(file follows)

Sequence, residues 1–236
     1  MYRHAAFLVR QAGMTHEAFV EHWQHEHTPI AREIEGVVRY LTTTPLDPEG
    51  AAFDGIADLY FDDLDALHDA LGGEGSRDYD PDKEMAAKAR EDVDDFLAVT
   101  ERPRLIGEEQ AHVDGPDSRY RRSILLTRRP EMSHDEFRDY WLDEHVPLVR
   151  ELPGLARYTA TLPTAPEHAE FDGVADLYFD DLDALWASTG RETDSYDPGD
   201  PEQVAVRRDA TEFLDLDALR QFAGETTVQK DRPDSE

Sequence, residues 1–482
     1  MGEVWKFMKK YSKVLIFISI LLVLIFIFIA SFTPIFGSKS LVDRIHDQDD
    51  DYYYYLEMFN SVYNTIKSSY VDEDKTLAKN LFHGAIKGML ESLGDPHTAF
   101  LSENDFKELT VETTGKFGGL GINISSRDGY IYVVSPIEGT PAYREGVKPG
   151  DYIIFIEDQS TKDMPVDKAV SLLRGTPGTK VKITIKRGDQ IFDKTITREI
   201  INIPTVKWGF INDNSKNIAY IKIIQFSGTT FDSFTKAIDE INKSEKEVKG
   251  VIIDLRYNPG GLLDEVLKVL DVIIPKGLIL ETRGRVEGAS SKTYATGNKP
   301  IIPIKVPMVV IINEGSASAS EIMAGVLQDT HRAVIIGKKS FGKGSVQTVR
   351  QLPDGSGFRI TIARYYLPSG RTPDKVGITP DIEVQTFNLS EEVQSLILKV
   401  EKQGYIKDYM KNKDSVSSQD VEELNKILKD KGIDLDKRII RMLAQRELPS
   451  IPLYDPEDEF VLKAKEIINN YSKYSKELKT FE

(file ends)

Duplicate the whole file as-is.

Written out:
Sequence, residues 1–236
     1  MYRHAAFLVR QAGMTHEAFV EHWQHEHTPI AREIEGVVRY LTTTPLDPEG
    51  AAFDGIADLY FDDLDALHDA LGGEGSRDYD PDKEMAAKAR EDVDDFLAVT
   101  ERPRLIGEEQ AHVDGPDSRY RRSILLTRRP EMSHDEFRDY WLDEHVPLVR
   151  ELPGLARYTA TLPTAPEHAE FDGVADLYFD DLDALWASTG RETDSYDPGD
   201  PEQVAVRRDA TEFLDLDALR QFAGETTVQK DRPDSE

Sequence, residues 1–482
     1  MGEVWKFMKK YSKVLIFISI LLVLIFIFIA SFTPIFGSKS LVDRIHDQDD
    51  DYYYYLEMFN SVYNTIKSSY VDEDKTLAKN LFHGAIKGML ESLGDPHTAF
   101  LSENDFKELT VETTGKFGGL GINISSRDGY IYVVSPIEGT PAYREGVKPG
   151  DYIIFIEDQS TKDMPVDKAV SLLRGTPGTK VKITIKRGDQ IFDKTITREI
   201  INIPTVKWGF INDNSKNIAY IKIIQFSGTT FDSFTKAIDE INKSEKEVKG
   251  VIIDLRYNPG GLLDEVLKVL DVIIPKGLIL ETRGRVEGAS SKTYATGNKP
   301  IIPIKVPMVV IINEGSASAS EIMAGVLQDT HRAVIIGKKS FGKGSVQTVR
   351  QLPDGSGFRI TIARYYLPSG RTPDKVGITP DIEVQTFNLS EEVQSLILKV
   401  EKQGYIKDYM KNKDSVSSQD VEELNKILKD KGIDLDKRII RMLAQRELPS
   451  IPLYDPEDEF VLKAKEIINN YSKYSKELKT FE